Ruby Ramblings

We’re free, and confused.
May 31, 2009, 9:38 am
Filed under: South Korea Quarantine, Travel


All the people, the flashing lights, the signs! What do I do?

We’ve been relased from quarantine and sent to either our locations, or various hotels around the city. There is a rumor that no hotel will take more than six foriegners at a time right now. I haven’t really heard at all what I’m doing, so I’m enjoying catching up with MSNBC on some American politics. I ventured out with a group, but couldn’t stand both the influence of “group think” and the hustle of it all. I guess I need a couple of days to reacclimate to the real world.

Jim rescued a small child whose head had gotten stuck in a fence. The mom was very grateful, maybe she will tell everyone we are not just flu infested pigs.

Talked briefly with a nice old man who lived briefly in Los Angeles. He gave me the most jubilent Welcome to Korea I’ve received yet.



May Reads
May 30, 2009, 3:37 am
Filed under: Books

What with the big overseas move and all, it was a slow reading month. Quarantine has allowed me to catch up a little.

Funny in FarsiFunny in Farsi: A Memoir of Growing Up Iranian in America

Free PDF version of Funny in Farsi here.
Interview with Firoozeh Dimas

  Full interview HERE.

Shoots Eats, Shoots & Leaves: The Zero Tolerance Approach to Punctuation by Lynne Truss Brought to us from one of the “supply drops” in the quarantine. Relevant reading for English teachers who always need a brush-up on the rules of their own language.

The Magician’s AssistantI am a fan of Ann Patchett’s, but I’m not finding this book all that engaging. A woman married to a gay man, her boss, best friend, and the magician she assists, finds an unexpected history of her husband after he dies suddenly.

On a lighter note
Harry Potter and the Order of the Phoenix (Book 5)

Harry Potter and the Half-Blood Prince (Book 6)

Atticus After spending his life being an eternal f*^-up, a middle age man moves to Mexico and kills himself. The father goes to Mexico and quickly suspects it wasn’t suicide. Unfortunatly, the author gives the answer to mystery way too soon, and the second half of the book fizzles into nothingness.

Things I've been silent about Things I’ve Been Silent About by Azar Nafisi

Book TV interview with Azar Nafisi

Even more interesting than seeing Nafisi talk about her own book, is this video of her talking about Ayaan Hirsi Ali:

Ali is a dynamic, powerful, and very outspoken author and politician, who is not afraid to blatenly call out inconsistancies and things she finds disgusting about the Islamic faith in which she was raised in Somalia. For her views she has had to go into hiding from death threats she has recieved from Islamic fundamentalists (who killed her friend, director Theo Van Gogh.)

Some people find her militant or inflammatory. I read two of her books last year, and find her insightful and intelligent.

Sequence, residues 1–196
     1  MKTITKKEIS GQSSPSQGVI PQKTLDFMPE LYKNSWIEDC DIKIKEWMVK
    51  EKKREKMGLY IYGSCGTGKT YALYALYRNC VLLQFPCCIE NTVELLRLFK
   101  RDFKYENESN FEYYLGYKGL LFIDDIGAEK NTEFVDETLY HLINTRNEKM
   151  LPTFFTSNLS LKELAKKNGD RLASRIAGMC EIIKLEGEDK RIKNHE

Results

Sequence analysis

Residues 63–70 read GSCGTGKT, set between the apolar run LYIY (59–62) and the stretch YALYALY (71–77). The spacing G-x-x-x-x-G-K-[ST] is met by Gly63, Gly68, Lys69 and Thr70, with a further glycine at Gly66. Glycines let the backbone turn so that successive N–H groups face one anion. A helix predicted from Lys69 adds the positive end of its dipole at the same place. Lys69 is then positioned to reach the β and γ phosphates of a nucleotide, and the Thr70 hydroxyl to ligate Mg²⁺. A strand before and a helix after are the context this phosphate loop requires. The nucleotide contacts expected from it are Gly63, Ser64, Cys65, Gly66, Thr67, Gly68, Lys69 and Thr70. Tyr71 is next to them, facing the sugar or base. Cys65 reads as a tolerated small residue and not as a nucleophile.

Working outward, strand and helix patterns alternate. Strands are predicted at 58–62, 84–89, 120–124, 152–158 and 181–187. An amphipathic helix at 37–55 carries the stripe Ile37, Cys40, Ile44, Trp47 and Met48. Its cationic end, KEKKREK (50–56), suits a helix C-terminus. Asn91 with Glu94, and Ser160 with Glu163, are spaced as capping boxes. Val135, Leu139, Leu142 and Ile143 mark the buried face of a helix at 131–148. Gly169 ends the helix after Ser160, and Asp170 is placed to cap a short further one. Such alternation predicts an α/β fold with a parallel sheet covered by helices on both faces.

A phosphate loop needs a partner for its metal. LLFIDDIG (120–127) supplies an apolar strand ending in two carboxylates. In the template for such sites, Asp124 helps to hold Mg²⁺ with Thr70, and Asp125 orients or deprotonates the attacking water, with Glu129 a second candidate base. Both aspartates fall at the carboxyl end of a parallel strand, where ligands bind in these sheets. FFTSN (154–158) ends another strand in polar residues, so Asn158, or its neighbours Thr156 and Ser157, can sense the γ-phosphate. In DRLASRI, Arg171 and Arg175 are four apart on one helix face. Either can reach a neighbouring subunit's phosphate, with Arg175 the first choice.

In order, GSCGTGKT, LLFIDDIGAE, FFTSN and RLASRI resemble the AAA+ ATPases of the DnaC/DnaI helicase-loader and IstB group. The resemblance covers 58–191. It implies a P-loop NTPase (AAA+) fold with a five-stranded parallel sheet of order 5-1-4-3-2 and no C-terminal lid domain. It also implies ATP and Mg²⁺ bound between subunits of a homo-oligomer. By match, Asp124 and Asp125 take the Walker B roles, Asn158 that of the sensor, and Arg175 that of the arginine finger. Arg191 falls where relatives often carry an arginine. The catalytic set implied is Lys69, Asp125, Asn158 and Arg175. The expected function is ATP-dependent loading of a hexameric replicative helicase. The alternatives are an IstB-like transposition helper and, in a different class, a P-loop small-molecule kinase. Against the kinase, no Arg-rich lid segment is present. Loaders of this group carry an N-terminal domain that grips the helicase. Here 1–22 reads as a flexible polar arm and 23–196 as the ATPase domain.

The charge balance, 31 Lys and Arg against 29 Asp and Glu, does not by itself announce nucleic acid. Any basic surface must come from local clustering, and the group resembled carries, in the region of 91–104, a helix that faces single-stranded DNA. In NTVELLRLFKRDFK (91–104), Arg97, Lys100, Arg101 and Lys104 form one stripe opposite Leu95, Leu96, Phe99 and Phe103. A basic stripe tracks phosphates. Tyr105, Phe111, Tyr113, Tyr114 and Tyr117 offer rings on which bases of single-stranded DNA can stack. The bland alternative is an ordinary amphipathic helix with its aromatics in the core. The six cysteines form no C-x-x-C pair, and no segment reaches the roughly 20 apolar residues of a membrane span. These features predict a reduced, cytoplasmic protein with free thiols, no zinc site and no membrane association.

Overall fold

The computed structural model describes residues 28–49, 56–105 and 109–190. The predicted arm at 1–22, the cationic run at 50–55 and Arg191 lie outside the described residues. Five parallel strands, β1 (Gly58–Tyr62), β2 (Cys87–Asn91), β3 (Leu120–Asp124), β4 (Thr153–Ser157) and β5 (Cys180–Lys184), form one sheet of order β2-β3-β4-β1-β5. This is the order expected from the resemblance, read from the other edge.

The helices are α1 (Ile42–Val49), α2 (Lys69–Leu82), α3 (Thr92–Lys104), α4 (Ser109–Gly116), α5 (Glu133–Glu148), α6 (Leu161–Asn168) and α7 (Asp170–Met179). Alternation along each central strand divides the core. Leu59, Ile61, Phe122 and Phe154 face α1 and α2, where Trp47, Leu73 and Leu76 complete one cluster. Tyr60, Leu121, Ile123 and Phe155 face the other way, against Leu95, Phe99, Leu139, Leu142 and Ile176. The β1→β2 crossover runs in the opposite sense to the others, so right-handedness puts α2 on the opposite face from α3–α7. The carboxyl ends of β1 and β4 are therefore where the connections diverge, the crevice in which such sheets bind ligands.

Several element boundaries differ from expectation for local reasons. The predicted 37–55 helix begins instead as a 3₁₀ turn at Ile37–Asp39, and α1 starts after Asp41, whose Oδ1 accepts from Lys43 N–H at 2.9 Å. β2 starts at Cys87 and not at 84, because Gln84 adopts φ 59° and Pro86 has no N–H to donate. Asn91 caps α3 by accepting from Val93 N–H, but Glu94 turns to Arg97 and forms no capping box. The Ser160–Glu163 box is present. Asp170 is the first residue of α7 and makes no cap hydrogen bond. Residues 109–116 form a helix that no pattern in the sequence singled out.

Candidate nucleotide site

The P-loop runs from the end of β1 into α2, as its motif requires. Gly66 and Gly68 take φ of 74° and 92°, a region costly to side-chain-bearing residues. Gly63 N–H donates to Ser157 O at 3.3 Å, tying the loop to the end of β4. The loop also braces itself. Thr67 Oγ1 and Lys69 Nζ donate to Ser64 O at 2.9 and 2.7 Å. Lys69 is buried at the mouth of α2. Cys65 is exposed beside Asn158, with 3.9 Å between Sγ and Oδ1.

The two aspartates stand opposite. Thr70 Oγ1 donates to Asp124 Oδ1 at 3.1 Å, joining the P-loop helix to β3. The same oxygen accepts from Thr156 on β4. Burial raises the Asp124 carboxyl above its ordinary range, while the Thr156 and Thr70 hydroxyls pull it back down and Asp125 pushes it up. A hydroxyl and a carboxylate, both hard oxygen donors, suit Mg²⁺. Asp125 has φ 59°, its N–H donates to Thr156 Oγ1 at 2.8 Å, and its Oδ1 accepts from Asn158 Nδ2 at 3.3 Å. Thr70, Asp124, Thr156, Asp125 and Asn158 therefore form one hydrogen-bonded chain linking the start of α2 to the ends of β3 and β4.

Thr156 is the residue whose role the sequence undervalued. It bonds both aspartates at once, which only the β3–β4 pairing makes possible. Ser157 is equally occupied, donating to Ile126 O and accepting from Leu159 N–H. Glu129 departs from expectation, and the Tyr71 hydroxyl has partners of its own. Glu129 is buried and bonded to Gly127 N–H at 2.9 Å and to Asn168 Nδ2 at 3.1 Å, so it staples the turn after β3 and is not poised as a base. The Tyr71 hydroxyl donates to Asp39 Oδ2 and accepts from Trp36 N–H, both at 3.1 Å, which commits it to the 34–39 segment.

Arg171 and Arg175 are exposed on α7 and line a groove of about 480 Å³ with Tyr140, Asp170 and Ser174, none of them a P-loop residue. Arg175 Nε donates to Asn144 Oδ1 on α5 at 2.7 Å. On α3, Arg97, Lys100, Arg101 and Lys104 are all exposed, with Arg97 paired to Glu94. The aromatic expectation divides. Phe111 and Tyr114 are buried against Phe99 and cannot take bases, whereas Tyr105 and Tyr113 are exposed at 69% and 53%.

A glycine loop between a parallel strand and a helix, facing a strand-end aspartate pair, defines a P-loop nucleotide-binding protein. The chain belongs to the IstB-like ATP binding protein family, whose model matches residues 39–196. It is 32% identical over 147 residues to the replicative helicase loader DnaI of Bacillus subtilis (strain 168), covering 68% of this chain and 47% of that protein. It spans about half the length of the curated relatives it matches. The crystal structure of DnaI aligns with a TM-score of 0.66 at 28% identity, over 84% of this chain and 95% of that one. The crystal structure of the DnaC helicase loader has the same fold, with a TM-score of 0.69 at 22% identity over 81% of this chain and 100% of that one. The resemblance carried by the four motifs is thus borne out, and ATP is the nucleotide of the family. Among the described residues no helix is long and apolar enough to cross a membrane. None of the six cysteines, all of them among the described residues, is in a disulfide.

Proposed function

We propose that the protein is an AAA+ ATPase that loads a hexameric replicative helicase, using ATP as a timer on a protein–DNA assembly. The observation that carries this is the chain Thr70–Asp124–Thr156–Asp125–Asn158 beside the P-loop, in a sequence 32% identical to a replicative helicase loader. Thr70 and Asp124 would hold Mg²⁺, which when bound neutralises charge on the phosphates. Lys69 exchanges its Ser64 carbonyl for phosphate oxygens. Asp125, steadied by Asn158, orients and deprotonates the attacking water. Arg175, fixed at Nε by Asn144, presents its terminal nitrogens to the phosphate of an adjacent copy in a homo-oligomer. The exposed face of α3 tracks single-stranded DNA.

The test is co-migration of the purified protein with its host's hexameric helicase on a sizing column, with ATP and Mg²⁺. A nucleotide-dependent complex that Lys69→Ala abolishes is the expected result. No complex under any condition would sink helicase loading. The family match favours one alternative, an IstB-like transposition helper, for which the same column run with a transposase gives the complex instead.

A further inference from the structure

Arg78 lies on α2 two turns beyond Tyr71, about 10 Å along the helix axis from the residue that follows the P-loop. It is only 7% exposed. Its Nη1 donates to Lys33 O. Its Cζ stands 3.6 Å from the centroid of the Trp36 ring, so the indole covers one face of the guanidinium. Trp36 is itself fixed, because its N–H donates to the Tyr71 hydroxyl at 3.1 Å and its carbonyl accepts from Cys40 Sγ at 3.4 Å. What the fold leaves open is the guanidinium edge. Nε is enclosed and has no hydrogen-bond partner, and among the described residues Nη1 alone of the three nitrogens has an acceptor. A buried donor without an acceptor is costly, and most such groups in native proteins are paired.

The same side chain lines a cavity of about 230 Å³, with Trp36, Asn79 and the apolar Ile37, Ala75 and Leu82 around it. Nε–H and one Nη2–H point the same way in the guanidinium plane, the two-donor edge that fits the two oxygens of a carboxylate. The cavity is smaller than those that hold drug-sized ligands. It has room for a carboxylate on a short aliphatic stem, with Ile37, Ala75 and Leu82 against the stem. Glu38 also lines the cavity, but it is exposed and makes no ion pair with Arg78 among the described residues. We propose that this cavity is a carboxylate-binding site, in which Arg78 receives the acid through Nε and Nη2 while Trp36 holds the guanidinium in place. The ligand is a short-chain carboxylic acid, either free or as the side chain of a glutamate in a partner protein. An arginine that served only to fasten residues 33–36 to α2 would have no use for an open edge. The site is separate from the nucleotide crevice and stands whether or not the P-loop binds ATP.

The Caged Virgin The Caged Virgin: An Emancipation Proclamation for Women and Islam
I read the Caged Virgin while staying at ZZZ’s house,in Belgrade, Serbia, who initially introduced me to Hirsi Ali and her story.

Theo Van Gogh and Hirsi Ali made the movie Submission: Part 1, which caused such controversy and outrage in the Dutch Muslim community that Theo was shot and stabbed to death in broad daylight and left with a note saying Hirsi Ali was next. Ian Buruma wrote a very insightful book on the events, Murder in Amsterdam: Liberal Europe, Islam, and the Limits of Tolerence.

January, February, March, and April Reads

Ahhh, the issue of the day

My dear, dear Colleagues,

There was a time in college, oh so long ago for myself, when I lived very briefly in the dorms. My inability to contain myself from hurling insults when I’m asleep, besides being a sign of some anger management issues I haven’t dealt with when I’m awake, made me quite unpopular amongst my late night peers.

That was a college dorm. This is a quarantine facility that I would like to get out of with both my health and my reputation as a professional English instructor intact. 

Apparently there are a group of folks in here who do not feel the same way.


The next time I am woken up by the sound of excess alcohol being forced out of someone’s esophagus, I will not be so kind as to inquire if someone has food poisoning. Although my demeanor is generally mild, I have brought grown men to tears on more than one occasion.

Although I am sure this opinion will not make me popular here, I want to remind everyone acting in this manner, that this is not club med, a vacation, or a 24-hour dance club on Ibiza.

You will have plenty of time to imbibe in the local drink of choice when you are out in our new country of residence acting as an ambassador of culture. There will be plenty of time to show your true colors after you are placed in a professional, paid position. Your true personality can shine while you are acting in responsibility of other people’s children.

If you don’t think that teachers’ reputations are a big deal in this country, try perusing a few blogs, or maybe just check this one post out.

For the people who delivered the alcohol that started last night’s party: please don’t. I know you are trying to make our stay here more pleasant, but it really just causes more complications. I’ll gladly join a few folks for a drink after we get out of this, which, at present, is a little ambiguous as to when that is going to be.

Mis.Adventure Esquire

China following the lead – Westeners in Quarantine
May 28, 2009, 7:42 am
Filed under: South Korea Quarantine, Travel | Tags: , , ,

Why do they make headline news? We were quarantined first. Sniff, Sniff.
May 26th:
24 Americans quarantined in China

Same story in ChinaView

I guess we weren’t the first, these articles and video are from May 5th……
ABC News – 1st American to die (showed many health factors besides the flu) and Americans under quarantine in China.